How HP Views the A3 Copier Market

In September 2016, HP (HPQ) announced its intention to acquire Samsung’s (SSNLF) Printing business for $1.1 billion. This acquisition was completed in November 2017. While the acquisition should help HP gain traction in the A3 space, the company expects short-term headwinds to reduce its installed base.

HP launched several Printing products last year and is looking to expand into new channels. HP aims to penetrate the A3 copier space with its differentiated technology. It is using printing laser technology, resulting in a cost advantage to channel partners and consumers.

HP has an ~8% market share in the A3 space

Although HP is still in the early stages of selling its full portfolio, the company has claimed to have a 7.9% market share in the A3 copier space. The company is optimistic about the positive customer response to its focus on the security of its products. Security continues to be an attractive selling point, not just for connected personal computers but also for connected printers.

HP continues to be flexible in its product offerings, providing ink to enterprises at half the cost of laser technology. HP is now targeting a share of 12% in this market by the end of fiscal 2020.

Last year, HP valued the total available A3 market at $55 billion. Achieving a 12% share in this space would mean annual revenue of $6.6 billion in this vertical. HP has detailed plans to penetrate the A3 space in every country over the next few years. In the US A3 copier space, HP competes with tech giants Canon (CAJ), Ricoh (RICOY), Xerox (XRX), Konica Minolta, and Toshiba (TOSYY), who had market shares of 26%, 20%, 16%, 14%, and 6%, respectively, at the end of 2016.

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I find most SMB A3 copier decision makers assume that all copier vendors in 2018 offer high levels of product security.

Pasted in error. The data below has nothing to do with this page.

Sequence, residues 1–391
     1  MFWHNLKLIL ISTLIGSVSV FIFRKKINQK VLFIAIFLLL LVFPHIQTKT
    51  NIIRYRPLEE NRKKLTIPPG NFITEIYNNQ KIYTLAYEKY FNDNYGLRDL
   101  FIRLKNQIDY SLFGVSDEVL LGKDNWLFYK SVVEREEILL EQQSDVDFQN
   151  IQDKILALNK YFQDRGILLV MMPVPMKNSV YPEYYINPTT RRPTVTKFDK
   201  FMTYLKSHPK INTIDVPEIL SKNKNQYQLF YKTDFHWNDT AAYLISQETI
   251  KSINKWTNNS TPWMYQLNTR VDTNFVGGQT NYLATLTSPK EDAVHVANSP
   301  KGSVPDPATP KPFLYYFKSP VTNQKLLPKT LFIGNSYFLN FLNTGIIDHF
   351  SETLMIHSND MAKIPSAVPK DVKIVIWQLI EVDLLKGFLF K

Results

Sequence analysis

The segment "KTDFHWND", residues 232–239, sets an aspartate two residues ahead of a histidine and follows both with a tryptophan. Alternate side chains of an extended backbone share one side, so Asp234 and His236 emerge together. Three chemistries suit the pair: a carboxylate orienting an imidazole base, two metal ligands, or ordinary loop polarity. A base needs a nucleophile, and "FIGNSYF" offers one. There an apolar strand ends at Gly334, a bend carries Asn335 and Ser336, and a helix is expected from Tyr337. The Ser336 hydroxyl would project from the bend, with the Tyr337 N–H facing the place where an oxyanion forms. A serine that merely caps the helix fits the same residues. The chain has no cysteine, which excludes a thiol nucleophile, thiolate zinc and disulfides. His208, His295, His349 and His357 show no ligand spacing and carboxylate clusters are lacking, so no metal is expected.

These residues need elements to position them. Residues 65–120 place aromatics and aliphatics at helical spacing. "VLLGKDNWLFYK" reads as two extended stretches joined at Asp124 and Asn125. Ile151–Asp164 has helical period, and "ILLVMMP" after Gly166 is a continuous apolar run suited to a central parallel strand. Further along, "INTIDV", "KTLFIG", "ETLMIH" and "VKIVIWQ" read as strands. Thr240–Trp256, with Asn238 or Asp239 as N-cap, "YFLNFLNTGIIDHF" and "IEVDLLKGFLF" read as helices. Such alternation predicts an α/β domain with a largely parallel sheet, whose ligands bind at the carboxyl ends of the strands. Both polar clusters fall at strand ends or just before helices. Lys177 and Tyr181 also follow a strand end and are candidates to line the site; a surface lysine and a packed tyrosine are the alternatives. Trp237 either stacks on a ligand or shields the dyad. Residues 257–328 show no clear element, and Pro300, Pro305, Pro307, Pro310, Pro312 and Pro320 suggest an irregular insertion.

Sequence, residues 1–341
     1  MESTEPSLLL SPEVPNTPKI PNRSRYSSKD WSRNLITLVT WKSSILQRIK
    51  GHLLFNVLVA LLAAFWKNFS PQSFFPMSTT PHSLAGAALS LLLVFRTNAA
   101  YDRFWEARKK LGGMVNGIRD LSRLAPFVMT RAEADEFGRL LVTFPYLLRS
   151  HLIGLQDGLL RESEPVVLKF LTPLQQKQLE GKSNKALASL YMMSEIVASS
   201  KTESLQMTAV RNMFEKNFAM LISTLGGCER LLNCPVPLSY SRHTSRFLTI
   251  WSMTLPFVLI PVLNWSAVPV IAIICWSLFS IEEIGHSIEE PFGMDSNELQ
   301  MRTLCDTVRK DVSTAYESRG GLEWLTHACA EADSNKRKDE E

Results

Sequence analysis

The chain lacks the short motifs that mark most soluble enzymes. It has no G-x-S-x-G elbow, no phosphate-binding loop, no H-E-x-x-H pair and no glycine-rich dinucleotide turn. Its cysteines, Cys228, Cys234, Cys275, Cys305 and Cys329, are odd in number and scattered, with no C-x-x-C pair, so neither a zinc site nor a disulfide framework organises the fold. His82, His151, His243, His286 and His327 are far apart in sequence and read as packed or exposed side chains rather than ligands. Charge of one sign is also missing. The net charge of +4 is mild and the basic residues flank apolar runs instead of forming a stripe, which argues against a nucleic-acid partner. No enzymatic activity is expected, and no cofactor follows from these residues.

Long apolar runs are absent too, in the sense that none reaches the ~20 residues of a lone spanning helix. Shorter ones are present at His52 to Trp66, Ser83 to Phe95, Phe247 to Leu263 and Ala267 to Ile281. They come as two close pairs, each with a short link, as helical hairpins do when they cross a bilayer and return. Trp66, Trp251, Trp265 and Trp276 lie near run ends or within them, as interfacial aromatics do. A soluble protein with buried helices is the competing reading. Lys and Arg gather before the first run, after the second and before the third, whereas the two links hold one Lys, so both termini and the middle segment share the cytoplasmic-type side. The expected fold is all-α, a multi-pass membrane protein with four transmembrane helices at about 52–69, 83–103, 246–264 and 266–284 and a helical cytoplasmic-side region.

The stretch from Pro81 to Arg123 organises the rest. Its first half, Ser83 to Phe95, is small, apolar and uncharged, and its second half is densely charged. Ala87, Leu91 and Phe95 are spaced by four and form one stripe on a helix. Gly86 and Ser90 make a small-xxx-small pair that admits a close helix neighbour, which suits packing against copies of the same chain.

They weight this function lightly in the decision making process and rarely consider this a knock out feature.

I have watched all of the HP "Wolf" security videos.  They are well produced but portray very unlikely chain of circumstances that are only likely to happen in a James Bond movie.

Just want to throw this out there...I  have done very well selling A4 devices due to the fact that the majority of businesses, schools, and other users of devices never run A3 size paper.

Would it not make more sense to develop these type of devices that by the manufacturers than continue fighting for what is left of the A3 market


I sell A3 copiers every day and expect to do so 10 years from now.

I might have to walk back a bit SMB buyers fears about security.

It was revealed today that State actors like Russia (with vast funds and skills) are actively probing for weaknesses in IT infrastructure to conduct espionage and steal intellectual property.

A good copier sales rep sells fear part of the time to his clients.  I do not think that HP solely occupies the high ground on device security.

Notice the linked article does not mention print devices.

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